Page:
I wanted him to go away. But I didn’t want to de-friend him, look what had become of Kati Johnson, she was now the object of an All Caps Bulletin! Besides, if he ever figured it out that women were de-friending him in droves, it could possibly drive him to taking his life, another popular status update of his that alternated between postings of Morrissey lyrics, and other popular sad sack themes made famous by pop musicians, American playwrights, and Russian novelists. He would also sprinkle in his own personal writings designed to convince all of us ladies what great boyfriend material he would make, such as, “Love is the only thing I am good at!” It struck the perfect balance of self-congratulatory and self-pitying – it became Randy’s trademark. His “things I will never do” top hits harkened the same notes, “I will never have a one night stand, I will never have sex with anyone on the same day we meet, I will never have sexual passion without saying I love you,” this was classic Randy. His status updates, or his “desperate cries for attention” as my friend Melissa called them, always begged the response in the comment thread, “Oh, Randy, you make all other men seem like common animals,” or, “Randy, you’re so sensitive, why can’t all men be more like you!” To which he would respond with some poignant, sad sack response in a last stitch effort to keep the thread going or else he would have to hit the typewriter again, or Edith Piaf’s Saddest Hits in order to come up with more provocative status update fodder in the next 20 minutes.

Randy had become a problem, this wasn’t the first private letter I had received from the little known poet who I literally didn’t know. I wrote a blogpost about a girlfriend of an ex of mine who I had pissed off by writing a lighthearted piece around her questionable character and spelling abilities, she had told my ex that she was hell bent on dragging me into court. I joked about her threat in a status update – which caught Randy’s eye. He pounce-commented that he too had gone through the same exact experience. I was wondering if it was a trick, he was given to those “isn’t it uncanny how we’re exactly alike” comments. But he soon clarified via private mail. There had been a lawsuit over a “libelous” blogpost. “Wow,” he had me going for a second, thinking I had underestimated him, the guy had it in him to write content that went before judges. Turns out, he was the one that filed the suit towards an ex GF that was writing about him. The blogger girlfriend said that he was unbalanced, dangerous, and should be avoided. She was so clear on that point that he was provably unbalanced and to be avoided that she felt confident and within the law to use his real name! But the judge ruled otherwise and Randy won. He won one dollar. And she had to take her blogpost down. He had actually never received the dollar from her and was still holding a grudge about it. That’s the thing about unbalanced dangerous people – they hold grudges and sometimes quote Morrissey on their social networking pages.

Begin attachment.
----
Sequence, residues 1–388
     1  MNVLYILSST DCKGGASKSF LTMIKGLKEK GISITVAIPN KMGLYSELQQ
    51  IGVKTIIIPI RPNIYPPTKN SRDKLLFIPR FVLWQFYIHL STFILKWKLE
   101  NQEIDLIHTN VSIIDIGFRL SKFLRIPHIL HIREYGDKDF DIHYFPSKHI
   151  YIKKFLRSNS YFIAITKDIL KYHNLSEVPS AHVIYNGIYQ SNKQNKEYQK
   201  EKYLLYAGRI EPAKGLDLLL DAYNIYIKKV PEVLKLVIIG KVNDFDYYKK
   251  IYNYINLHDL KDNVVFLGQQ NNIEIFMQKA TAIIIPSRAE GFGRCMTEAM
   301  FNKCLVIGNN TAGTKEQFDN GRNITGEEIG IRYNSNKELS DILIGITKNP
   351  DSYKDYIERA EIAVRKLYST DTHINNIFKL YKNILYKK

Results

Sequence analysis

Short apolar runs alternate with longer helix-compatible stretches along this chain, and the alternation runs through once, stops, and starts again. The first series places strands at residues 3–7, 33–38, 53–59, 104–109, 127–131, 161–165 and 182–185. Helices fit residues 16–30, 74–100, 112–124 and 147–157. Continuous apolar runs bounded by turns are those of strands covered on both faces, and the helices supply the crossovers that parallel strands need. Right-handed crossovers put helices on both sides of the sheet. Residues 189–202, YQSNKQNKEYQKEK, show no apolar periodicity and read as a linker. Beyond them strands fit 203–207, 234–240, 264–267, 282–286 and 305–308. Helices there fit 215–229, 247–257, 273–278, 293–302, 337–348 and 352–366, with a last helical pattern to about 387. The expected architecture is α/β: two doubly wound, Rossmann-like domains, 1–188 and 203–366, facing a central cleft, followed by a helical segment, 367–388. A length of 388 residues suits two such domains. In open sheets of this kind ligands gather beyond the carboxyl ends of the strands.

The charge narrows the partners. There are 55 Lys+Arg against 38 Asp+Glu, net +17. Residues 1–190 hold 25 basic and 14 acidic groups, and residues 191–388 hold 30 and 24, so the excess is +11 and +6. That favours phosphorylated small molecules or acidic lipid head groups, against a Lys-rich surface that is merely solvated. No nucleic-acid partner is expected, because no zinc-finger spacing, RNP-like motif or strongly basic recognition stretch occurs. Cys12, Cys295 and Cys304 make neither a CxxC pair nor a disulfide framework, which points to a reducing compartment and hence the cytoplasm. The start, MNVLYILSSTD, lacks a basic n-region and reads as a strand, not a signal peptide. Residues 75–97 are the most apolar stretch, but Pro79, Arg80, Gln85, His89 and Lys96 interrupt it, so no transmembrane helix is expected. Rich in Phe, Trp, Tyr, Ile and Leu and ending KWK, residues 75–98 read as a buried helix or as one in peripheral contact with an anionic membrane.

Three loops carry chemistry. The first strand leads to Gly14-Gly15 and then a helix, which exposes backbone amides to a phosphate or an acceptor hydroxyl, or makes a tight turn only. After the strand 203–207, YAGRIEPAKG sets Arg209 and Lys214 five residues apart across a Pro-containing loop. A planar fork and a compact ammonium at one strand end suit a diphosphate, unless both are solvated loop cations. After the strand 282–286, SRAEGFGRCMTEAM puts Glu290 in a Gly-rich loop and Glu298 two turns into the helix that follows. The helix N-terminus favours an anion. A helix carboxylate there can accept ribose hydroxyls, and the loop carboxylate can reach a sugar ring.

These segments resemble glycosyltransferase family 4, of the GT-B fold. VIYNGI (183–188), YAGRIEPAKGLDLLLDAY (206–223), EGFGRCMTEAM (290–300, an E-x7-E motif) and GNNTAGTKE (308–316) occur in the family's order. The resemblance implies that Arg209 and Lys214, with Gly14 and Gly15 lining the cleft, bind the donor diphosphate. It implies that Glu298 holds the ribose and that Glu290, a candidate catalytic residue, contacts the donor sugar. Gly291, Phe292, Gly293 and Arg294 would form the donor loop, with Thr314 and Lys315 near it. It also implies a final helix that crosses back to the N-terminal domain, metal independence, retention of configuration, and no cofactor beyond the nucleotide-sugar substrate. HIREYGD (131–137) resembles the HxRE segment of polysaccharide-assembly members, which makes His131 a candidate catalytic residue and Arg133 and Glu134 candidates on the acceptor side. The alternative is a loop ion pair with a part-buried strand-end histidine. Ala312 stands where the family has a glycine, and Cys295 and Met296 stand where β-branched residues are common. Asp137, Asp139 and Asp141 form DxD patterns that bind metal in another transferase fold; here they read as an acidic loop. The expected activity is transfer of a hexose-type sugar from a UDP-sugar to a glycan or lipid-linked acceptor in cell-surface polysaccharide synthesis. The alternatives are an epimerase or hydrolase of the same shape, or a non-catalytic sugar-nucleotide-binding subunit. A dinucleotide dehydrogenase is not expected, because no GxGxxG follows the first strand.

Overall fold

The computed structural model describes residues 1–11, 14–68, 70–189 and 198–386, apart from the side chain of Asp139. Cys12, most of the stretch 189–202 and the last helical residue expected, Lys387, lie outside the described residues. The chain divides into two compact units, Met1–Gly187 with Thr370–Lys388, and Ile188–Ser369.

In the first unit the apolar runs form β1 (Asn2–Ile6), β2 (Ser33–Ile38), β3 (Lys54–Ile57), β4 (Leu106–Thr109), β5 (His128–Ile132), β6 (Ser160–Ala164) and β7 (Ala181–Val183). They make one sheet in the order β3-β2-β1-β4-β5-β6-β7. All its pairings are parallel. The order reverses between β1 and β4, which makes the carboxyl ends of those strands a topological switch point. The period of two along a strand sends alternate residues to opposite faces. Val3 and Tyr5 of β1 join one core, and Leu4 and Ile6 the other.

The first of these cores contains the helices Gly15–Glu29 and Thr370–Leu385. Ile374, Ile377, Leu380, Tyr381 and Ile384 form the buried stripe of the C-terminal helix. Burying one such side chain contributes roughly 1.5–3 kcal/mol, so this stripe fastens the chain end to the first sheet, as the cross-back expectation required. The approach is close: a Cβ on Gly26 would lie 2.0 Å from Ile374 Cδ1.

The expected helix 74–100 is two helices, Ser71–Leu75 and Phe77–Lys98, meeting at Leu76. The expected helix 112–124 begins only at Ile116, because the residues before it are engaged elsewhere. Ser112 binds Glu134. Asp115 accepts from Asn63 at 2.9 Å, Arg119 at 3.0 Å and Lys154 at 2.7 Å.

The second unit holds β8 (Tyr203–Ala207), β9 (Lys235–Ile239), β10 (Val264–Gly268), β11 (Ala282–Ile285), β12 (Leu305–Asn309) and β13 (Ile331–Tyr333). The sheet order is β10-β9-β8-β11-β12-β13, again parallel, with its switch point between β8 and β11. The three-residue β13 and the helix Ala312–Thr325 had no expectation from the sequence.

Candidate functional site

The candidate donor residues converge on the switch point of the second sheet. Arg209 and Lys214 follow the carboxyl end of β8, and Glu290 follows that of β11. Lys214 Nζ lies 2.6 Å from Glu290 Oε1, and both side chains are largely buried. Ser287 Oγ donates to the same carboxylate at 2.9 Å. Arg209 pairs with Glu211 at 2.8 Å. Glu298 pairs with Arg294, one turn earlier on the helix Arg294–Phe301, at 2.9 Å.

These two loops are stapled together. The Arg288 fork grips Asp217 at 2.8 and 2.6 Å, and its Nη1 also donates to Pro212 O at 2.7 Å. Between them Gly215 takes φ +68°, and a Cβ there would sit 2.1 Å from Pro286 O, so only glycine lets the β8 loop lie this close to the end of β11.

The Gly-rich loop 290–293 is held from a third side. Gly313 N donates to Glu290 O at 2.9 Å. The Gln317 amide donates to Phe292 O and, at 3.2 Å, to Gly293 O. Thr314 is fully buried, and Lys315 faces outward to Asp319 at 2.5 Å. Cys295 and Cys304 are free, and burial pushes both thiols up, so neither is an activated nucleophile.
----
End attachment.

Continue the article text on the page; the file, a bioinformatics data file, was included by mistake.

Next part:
I’ve had a gun held to my head in college, had to crazy man chase me into the woods as a teen, and never felt an ounce of fear, yet the thought of de-friending Randy Margiotti scared the crap out of me.

So I let time take it’s course, I ignored his pounce-commenting and it finally ceased. I ignored his “Do you know Kati Johnson??” email, and he finally let it and her go. I still would get his – suicide threat – depressing melting snow photography – I have never made love with a girl who’s middle name I didn’t know – status updates with great regularity, until today. Randy was nowhere in sight, and nowhere on the site. I did a search, his name did not come up on my friend’s list. I did a general search – his name had disappeared completely. He had pulled a Kati Johnson. The ultimate cry for help status update: a sudden social networking site disappearance, my friend Melissa was right. “Do you know Randy Margiotti?” “I wonder if he’s OK!” “He was such a great man, he made all men seem like dirt, I wonder if he died or killed himself.”

Now his page is gone or we’d all comment in effigy; To know Randy is to love him, too bad none of us have actually ever met him.